I worked for a small software company in the late nineties who had to survive on shoestring budgets and royalties based on sales of the software products we wrote. Every copied CD/DVD meant less royalties for the company and staff. The company went bust in 2001, and illegal copying made a contribution to that, so I saw the effect that illegal copying or downloading can have.

    So what I am saying broadly is I agree with Andy Burnam, what is illegal offline should also be illegal online. That includes child porn, fraud and illegal downloading. The age of the 'free' internet has passed, we just have to learn to live with that.



  • Comment number 3.

    Declaring that a certain port/protocol (bittorrent, IRC, FTP) contains more illegal content than others is dubious at best, as they can all be (and are) used for legal purposes.

    There is no way to judge the legality of binary data flowing through an ISP; So no, ISPs can’t knowingly carry illegal content.

    Leave copyright *infringement* for the courts to deal with, at least we would have more transparency in that process.

  • Comment number 4.

    I completely agree with johndrinkwater. The only answer to the question posed by Ashley is a resounding "No".
    silverfoxuk says that "what is illegal offline should also be illegal online"; forgive me if I'm missing the point, but that is already the case, there is no "should" about it. And statements like that when talking about who polices content is the sort of water muddying that the BPI and others like them thrive on.
    Whatever the Politicians, BPI and others may believe ISPs can do, there is just no way ISPs can reliably police the unencrypted content flowing through them, let alone encrypted content.

  • Comment number 5.

    I think your missing a key factor. Although ISPs can identify types of traffic it is much harder to identify what that traffic is.

    For example an ISP could tell that BitTorrent was being used (looking for magic bytes or the format of messages etc.) but they could not tell whether the content is legal.

    All then can see is data moving between two peers and what that data is. Even if they know what that portion of data is it is still very hard to know if it's legal or illegal without all of the file. And even with the entire file it is still almost impossible unless you have an entire list of all copyrighted content and an insane amount of CPU to do the comparison (bitwise comparison is entirely useless for media data).

    Unless you are suggesting all of a certain protocol is illegal then the ISPs really do not know if illegal content is moving through their network.

    One of the key problems with filtering is if it takes to long then you slow down all traffic. The CPU, Disk and Memory requirements of tracking all traffic and comparing it against bad lists is not practical. Even if it was it may not even be legal (see RIPA). And would be rendered useless if the links where encrypted.

    Why don't we concentrate on getting rid of spam first, is much more of a problem.

  • Comment number 6.

    Be careful with that Post Office analogy...

    Eg. . . . . A delivery firm today announcing new on-demand high speed delivery service for large high volume parcel shipments. Entry pricing to consumers comparable to the cost of a first class stamp. Reasonably priced premium service options expected to be pitched at those needing to have delivered, large quantities of CDs and rented-DVDs for personal use. . . . . . Recording industry cautiously welcomes potential for building large-scale distribution while raising concerns over possible abuses of copyright through illegal distribution. . . . . . Spokesman for Deliveries-Are-Us said today "It is not our place to specify how users should use our new premium service option. We do however expect high demand from consumers requiring rapid access to music and movies, packaged and delivered from legitimate sources. We reserve the right to re-route certain size/shape packages down slower delivery routes in order to protect the integrity of our service, but we cannot be held responsible for looking inside those packages." . . . . . . A report out today revealed that 80% of CDs and DVDs were being obtained free of charge from non-legitimate sources. Heavy demand from users has contributed to the commercial success of firms such as Deliveries-are-Us, and nationwide roll-out of similar premium services are expected in the near future promising a new era of mail and parcel distribution encouraging economic growth and prosperity for the people of this county. . . . .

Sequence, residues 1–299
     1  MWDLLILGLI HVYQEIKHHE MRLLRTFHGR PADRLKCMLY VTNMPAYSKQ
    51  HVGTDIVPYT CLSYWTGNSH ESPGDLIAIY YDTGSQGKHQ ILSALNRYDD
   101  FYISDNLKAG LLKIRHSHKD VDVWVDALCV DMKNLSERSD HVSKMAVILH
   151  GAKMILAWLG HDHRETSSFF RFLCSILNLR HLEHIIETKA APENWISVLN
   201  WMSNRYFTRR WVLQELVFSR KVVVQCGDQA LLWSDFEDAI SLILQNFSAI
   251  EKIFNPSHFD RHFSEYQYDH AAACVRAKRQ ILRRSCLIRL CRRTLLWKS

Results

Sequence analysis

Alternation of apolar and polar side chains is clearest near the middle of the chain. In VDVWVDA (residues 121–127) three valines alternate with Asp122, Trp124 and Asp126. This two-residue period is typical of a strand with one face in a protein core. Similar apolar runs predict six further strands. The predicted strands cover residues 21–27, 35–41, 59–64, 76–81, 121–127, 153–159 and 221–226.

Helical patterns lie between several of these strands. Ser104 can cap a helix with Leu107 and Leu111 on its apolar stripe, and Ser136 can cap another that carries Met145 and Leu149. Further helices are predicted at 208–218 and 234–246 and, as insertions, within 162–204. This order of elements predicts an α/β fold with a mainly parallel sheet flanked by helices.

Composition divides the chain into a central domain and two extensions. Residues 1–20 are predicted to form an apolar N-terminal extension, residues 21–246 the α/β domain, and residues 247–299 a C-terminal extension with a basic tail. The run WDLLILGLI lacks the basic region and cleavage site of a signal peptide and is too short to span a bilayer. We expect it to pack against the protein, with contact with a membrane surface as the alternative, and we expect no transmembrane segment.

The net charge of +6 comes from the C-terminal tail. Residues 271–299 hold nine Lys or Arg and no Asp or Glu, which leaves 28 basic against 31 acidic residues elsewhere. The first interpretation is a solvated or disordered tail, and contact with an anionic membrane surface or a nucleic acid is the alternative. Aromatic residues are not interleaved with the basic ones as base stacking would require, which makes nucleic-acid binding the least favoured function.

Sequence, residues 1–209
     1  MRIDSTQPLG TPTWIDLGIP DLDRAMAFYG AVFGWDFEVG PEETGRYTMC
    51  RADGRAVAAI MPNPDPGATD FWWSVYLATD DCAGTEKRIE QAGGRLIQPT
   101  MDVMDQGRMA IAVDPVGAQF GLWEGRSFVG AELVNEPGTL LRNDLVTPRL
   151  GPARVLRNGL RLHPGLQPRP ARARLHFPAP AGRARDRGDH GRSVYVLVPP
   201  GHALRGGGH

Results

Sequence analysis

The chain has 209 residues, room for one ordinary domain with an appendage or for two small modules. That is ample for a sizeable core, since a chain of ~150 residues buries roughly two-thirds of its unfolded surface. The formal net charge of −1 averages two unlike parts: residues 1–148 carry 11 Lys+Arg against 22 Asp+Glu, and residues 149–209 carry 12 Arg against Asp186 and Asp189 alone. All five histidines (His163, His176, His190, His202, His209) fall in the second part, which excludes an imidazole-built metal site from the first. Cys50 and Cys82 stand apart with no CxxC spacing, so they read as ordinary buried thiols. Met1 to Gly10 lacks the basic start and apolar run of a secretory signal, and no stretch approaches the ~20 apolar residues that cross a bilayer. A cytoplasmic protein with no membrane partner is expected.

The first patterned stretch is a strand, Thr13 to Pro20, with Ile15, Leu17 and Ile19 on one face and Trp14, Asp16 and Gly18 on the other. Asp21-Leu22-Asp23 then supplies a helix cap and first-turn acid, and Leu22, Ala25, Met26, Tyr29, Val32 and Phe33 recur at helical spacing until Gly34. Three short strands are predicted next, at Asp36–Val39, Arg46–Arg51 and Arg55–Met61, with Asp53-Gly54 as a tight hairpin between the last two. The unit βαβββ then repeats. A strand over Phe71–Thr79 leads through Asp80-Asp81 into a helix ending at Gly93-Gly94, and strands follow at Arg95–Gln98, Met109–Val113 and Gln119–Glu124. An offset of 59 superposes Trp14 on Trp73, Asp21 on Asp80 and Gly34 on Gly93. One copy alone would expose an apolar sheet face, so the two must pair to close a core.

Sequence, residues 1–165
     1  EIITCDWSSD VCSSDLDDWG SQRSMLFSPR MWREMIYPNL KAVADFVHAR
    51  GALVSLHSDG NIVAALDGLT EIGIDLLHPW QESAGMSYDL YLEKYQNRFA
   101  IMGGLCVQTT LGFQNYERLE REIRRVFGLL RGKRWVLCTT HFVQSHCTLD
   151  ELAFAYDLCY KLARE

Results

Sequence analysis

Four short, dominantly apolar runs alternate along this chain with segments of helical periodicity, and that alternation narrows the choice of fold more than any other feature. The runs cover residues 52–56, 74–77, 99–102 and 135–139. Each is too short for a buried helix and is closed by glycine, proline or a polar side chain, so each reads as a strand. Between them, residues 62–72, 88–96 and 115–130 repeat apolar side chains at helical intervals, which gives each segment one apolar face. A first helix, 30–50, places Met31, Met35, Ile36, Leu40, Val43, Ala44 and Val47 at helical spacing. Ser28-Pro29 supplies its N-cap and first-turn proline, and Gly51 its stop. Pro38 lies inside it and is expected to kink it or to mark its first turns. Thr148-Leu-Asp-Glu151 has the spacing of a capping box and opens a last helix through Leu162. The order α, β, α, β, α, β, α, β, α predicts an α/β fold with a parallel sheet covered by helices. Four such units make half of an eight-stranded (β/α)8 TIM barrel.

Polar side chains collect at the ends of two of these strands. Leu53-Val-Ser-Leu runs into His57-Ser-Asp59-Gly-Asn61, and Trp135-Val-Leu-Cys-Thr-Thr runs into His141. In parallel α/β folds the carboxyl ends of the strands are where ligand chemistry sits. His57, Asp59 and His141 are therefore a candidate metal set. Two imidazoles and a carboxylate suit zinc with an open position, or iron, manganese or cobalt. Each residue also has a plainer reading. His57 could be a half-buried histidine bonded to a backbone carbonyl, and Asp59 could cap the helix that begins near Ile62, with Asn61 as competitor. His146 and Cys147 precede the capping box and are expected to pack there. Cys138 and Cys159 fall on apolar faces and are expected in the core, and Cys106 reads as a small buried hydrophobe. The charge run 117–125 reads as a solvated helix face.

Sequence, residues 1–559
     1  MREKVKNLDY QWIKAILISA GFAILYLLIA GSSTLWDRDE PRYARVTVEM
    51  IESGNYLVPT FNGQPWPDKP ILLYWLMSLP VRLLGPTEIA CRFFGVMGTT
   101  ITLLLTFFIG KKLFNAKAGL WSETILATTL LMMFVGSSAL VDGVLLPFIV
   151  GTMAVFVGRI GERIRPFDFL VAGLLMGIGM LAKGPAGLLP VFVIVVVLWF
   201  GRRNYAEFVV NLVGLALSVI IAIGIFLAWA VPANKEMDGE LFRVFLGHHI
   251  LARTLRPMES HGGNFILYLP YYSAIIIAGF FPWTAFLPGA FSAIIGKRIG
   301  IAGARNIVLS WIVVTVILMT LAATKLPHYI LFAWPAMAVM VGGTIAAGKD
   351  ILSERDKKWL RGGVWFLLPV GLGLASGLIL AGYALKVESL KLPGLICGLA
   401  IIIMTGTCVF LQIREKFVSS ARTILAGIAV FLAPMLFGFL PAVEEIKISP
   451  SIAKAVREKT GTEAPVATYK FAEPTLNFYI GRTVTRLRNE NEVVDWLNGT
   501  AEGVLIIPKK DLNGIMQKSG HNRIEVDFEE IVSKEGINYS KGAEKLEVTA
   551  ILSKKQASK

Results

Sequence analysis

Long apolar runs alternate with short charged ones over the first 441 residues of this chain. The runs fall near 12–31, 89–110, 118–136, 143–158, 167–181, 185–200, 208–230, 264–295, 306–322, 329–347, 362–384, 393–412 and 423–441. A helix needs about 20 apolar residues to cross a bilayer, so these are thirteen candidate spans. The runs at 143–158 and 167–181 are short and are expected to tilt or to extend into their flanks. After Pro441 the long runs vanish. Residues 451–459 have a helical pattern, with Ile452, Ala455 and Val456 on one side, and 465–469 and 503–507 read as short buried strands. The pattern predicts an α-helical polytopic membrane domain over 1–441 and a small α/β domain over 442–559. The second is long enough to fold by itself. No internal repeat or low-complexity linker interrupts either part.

Follow the money!

    Follow the money!!!

  • Comment number 7.

    I always find this topic interesting and slightly amusing. I work for an ISP who don’t provide any connectivity (at least not since dialup became pretty much obsolete), just your basic web services – most of our business is in design.

    However, we do have a huge volume of mail traffic that we handle on behalf of many clients. Similar, and more specific suggestions have been made that we should be monitoring email traffic for illegal materials.

    What has been said in previous posts is true, it is impossible to be truly confident of what content is legal or illegal using automated processes. The ones that come close are so processor intensive that it raises operational costs considerably. We have enough difficulty in dealing with the unbelievably amount of SPAM out there – approximately 98% of all the emails that hit our servers don’t make it through. To do it manually is simply out of the question so how an ISP can be accused of “knowingly carrying illegal content” is beyond me.

    More than that, although I’m not a fan of the post office comparison – there are certain ethical and security decisions. I don’t want someone rummaging through my mail looking for a photocopy of something that was done without proper permission. How can I trust that that person won’t open my bank statements and steal information useful for assuming my identity?

    Much of this traffic is protected via SSL and other secure encrypted systems – but if responsibility has to be assumed by ISPs then they will have to block this kind of traffic just in case it’s some P2P client using an encrypted system.

    Personally, I think it’s stupid to try and blame the ISPs. It’s so hard to do anything without being watched these days. Even if you’re doing something that isn’t illegal, it’s nice to know that you have some anonymity - something that would be taken away if ISPs were forced to start monitoring everything.